The Delhi High Court has upheld the right of a detainee to be afforded an opportunity to be heard, and that not having such opportunity would prejudice the detained person. The bench of Justice Vibhu Bakhru was considering a petition filed by Shifa ur Rehman where he challenged an order granting extension of time of investigation and detention to the State which was passed without granting Rehman the opportunity to be heard. The State contended that no purpose would have been served even if such opportunity was granted, however, the court refused to accept this submission and held that the right to consult a legal counsel is guaranteed by the Constitution and cannot be diluted by the State.
Shifa ur Rehman, President of the Alumni Association of the Jamia Millia Islamia, was arrested in April 2020 in the Delhi Violence conspiracy case (FIR No. 59/2020). He filed a petition against the order dated August 8, 2020 passed by Sessions court which allowed extension of period of investigation to the NIA while also extending the period of detention of Rehman and other accused in the FIR.
Rehman, the petitioner, claimed that the order was passed in violation of the principles of natural justice and in violation of his rights under Article 21 of the Constitution. He further contended that he was not afforded adequate opportunity to oppose the respondent‘s application for extension of period for completion of the investigation as he was not granted access to legal assistance. He submitted that despite orders passed by the concerned courts, he was not provided any opportunity to consult or instruct his lawyers.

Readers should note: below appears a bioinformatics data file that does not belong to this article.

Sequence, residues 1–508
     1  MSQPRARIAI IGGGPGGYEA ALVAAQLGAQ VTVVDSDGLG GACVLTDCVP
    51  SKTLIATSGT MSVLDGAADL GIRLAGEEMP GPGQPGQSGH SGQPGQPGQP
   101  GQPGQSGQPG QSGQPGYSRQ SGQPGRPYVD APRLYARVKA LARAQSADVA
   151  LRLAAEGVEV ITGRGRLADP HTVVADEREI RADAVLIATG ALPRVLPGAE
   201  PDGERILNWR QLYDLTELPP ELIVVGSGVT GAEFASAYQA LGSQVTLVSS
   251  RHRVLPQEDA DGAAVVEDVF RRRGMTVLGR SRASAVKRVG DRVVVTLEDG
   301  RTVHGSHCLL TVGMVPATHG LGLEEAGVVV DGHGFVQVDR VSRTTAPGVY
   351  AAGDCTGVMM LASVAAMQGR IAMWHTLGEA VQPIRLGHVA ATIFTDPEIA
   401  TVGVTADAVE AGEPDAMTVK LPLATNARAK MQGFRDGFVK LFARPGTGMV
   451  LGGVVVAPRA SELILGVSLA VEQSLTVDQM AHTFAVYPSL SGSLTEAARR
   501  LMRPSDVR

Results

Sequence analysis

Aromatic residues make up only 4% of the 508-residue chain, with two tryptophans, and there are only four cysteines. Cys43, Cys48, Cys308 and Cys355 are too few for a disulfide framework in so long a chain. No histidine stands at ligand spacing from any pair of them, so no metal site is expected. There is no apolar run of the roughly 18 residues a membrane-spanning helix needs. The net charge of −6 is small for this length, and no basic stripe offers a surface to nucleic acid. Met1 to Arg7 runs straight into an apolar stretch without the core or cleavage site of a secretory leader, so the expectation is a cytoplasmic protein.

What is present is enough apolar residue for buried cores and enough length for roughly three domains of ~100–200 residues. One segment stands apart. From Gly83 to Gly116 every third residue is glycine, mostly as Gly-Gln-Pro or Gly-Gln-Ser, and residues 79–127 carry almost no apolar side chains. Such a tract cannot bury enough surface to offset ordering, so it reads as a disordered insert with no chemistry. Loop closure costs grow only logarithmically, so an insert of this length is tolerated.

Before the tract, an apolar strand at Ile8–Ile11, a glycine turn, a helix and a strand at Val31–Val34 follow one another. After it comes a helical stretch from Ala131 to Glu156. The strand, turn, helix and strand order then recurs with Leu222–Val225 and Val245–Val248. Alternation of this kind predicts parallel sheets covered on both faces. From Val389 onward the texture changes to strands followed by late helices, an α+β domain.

The petitioner was arrested on April 26, 2020 and on the next day was remanded to police custody and as of May 16, 2020 he was remanded to judicial custody. He contends that the period of ninety days for the completion of investigation as contemplated under Section 167 of CrPC ended on July 26, 2020. On June 15, the court permitted the State to conclude its investigation by August 14, 2020.
The petitioner moved two applications seeking consultation with his legal counsel, which was allowed by the court, however lack of response from jail authorities led to no communication with his counsel. In July, 2020 the IO moved an application seeking extension of the period of investigation and the petitioner‘s detention beyond the period of 90 days up to 180 days. The court partly allowed the same and directed that investigation with respect to the petitioner be completed by August 24, 2020 while also noting down that he was not granted an opportunity to consult with his advocate but was of the view that the same was not a ground to reject the application moved by the IO.